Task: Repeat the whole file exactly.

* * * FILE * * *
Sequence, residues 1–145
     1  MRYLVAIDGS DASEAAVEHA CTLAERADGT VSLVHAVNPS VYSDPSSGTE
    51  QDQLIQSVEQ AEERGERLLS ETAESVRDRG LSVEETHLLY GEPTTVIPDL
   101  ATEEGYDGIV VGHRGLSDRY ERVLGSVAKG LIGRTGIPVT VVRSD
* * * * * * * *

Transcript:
Sequence, residues 1–145
     1  MRYLVAIDGS DASEAAVEHA CTLAERADGT VSLVHAVNPS VYSDPSSGTE
    51  QDQLIQSVEQ AEERGERLLS ETAESVRDRG LSVEETHLLY GEPTTVIPDL
   101  ATEEGYDGIV VGHRGLSDRY ERVLGSVAKG LIGRTGIPVT VVRSD